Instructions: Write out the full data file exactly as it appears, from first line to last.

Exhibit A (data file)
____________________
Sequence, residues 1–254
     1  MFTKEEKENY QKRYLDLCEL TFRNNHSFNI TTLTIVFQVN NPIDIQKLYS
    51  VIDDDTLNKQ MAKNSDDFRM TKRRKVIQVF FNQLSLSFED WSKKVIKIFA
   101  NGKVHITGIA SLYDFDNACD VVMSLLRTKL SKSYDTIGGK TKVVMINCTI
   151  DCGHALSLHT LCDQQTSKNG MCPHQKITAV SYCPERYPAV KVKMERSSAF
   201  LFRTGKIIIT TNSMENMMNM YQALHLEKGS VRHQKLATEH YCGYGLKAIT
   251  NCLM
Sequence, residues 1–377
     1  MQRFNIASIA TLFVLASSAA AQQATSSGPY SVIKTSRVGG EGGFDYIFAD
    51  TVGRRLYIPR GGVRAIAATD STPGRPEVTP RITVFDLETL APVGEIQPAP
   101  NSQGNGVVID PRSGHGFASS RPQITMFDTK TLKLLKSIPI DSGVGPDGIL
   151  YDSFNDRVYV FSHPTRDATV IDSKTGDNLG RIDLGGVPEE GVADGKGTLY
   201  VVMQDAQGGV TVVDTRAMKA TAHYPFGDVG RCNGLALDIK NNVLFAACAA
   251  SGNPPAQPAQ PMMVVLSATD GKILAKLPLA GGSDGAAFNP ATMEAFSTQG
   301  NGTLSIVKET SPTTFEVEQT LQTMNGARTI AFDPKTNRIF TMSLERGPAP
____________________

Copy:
Sequence, residues 1–254
     1  MFTKEEKENY QKRYLDLCEL TFRNNHSFNI TTLTIVFQVN NPIDIQKLYS
    51  VIDDDTLNKQ MAKNSDDFRM TKRRKVIQVF FNQLSLSFED WSKKVIKIFA
   101  NGKVHITGIA SLYDFDNACD VVMSLLRTKL SKSYDTIGGK TKVVMINCTI
   151  DCGHALSLHT LCDQQTSKNG MCPHQKITAV SYCPERYPAV KVKMERSSAF
   201  LFRTGKIIIT TNSMENMMNM YQALHLEKGS VRHQKLATEH YCGYGLKAIT
   251  NCLM
Sequence, residues 1–377
     1  MQRFNIASIA TLFVLASSAA AQQATSSGPY SVIKTSRVGG EGGFDYIFAD
    51  TVGRRLYIPR GGVRAIAATD STPGRPEVTP RITVFDLETL APVGEIQPAP
   101  NSQGNGVVID PRSGHGFASS RPQITMFDTK TLKLLKSIPI DSGVGPDGIL
   151  YDSFNDRVYV FSHPTRDATV IDSKTGDNLG RIDLGGVPEE GVADGKGTLY
   201  VVMQDAQGGV TVVDTRAMKA TAHYPFGDVG RCNGLALDIK NNVLFAACAA
   251  SGNPPAQPAQ PMMVVLSATD GKILAKLPLA GGSDGAAFNP ATMEAFSTQG
   301  NGTLSIVKET SPTTFEVEQT LQTMNGARTI AFDPKTNRIF TMSLERGPAP